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    Joined 11/2/2011

    When you are a member of the U.S. military you are legally property of the United State government. I have been told by persons who have served that they have seen or have been personally disciplined for destruction of government property for getting a sunburn. If the military is going to put fuel in their tanks and bullets in their guns they will put blood in their injured troops.

    Band on the Run posted Thu, 01 Dec 2011 18:45:00 GMT(12/1/2011)

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    Joined 12/18/2010

    I am more confused than ever. From my exposure, I would think the once converted, one would have to leave the military immediately -- even if meant sitting in a military prison. The same principles should apply as applied to members being drafted. My uncle spent time in Danbury Federal Prison. One of the reasons money was so tight in the family was that no male members served in the military. Veterans' preference is a strong force in the market. Altho I was raised that it was bad, I feel there should be even stronger veterans' preference.

    I feel sorry for an md in a combat area having to know and then apply this memo.

    Interesting find. So what does the Society actually teach today? If there are two strands of belief, anyone who goes to prison for the neutrality doctrine is a fool.

    I've also read that early Christians both served in the Roman Army and refused to serve during the same time period. Local beliefs seemed to determine the outcome. So it wasn't clear to the earliest generations.

    edmond dantes posted Thu, 01 Dec 2011 19:13:00 GMT(12/1/2011)

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    The German army during WW2 had some fanatical nazis soldiers refusing blood transfusions on the grounds that their pure Aryan blood might be tainted if they accepted blood . They were also similar to the Witnesses in that they thought they were the master race.

    inbyathread posted Thu, 01 Dec 2011 19:19:00 GMT(12/1/2011)

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    BotR Conversion is a subjective term. A military member can be a religious convert in his own mind by believing the tenents of his new faith. JW History shows that true Jehovah's Witnesses are part of the FDS, the heavenly kingdom recepients only. The rest of them are ASSOCIATES and fellow believers. The military membe is viewed as a close associate and suitable for kingdom blessings provided he continues his path to leave the world's military organization. The military member is just not listed as an "Unbaptised publisher" but can be verbally listed as an "approved associate". Such a fine line.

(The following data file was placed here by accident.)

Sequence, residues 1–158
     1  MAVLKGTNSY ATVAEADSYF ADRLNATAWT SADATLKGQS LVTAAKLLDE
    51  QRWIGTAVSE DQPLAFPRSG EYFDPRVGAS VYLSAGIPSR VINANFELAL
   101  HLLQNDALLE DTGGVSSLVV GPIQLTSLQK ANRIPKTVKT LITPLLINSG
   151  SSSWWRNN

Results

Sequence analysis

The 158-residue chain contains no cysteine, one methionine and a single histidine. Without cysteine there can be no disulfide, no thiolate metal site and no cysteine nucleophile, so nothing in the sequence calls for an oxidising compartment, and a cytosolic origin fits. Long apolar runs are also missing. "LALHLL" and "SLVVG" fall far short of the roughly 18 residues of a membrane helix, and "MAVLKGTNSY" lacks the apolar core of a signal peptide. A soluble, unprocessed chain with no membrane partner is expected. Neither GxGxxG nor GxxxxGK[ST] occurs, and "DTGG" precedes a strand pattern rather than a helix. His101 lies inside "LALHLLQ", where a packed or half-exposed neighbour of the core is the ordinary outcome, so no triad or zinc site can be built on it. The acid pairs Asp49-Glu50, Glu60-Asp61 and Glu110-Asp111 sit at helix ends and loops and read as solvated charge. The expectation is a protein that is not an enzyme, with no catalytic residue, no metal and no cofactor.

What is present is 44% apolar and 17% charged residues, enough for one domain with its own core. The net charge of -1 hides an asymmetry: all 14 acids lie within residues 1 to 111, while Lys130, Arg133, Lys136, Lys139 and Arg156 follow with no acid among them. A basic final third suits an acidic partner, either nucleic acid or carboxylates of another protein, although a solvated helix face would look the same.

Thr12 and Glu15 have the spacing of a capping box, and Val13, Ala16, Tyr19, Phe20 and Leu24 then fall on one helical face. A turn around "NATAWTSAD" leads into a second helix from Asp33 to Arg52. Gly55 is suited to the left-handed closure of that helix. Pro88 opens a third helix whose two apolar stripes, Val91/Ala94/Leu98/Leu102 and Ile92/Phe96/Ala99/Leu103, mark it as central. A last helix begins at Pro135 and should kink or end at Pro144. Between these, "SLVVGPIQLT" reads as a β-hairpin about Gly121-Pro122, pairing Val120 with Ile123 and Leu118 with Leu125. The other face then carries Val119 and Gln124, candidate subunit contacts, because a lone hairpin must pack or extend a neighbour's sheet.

We have posters here who are still attending JW meetings but still state that they don't believe anymore. Are they not converts to the world? Sure. It's a fine line on either side of the fence.

    M undercover posted Thu, 01 Dec 2011 19:27:00 GMT(12/1/2011)

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    What Would Hawkeye Pierce Do?

    F troubled mind posted Thu, 01 Dec 2011 21:47:00 GMT(12/1/2011)

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    When I was born in 1961 my Dad was active Marine Corps ,and my Mom was JW . We lived on base ,and I was born in a Naval hospital . My Mom had to have a c-section , and told everyone she did not want a blood transfusion . Yet when she was coming out of surgery the Doctor told my Dad she needed one ,and they gave it to her against her wishes . She was pissed about that her whole life !

    Band on the Run posted Thu, 01 Dec 2011 23:22:00 GMT(12/1/2011)

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    I would assume that the military is giving wide discretion that civilian hospitals don't have. Just mention the word "military" or "foreign affairs" and the Supreme Court tends to stay away from the issue. The appearance of impropriety should be important to them. Military trained, real men must be a powerful asset for them b/c there as so few brothers with competency.

    F rebel8 posted Thu, 01 Dec 2011 23:41:00 GMT(12/1/2011)

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    "All jw patients who are non-scheduled (such as deliveries) or acute surgical cases, and refuse to consent to a blood transfusion, will automatically be transferred to civilian care."

    I guess the U.S. Army is exempt from EMTALA.

    M smiddy posted Fri, 02 Dec 2011 01:37:00 GMT(12/2/2011)

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    That cracked me up. LOL


    M smiddy posted Fri, 02 Dec 2011 01:39:00 GMT(12/2/2011)

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    Then again he may just hand the case over to frank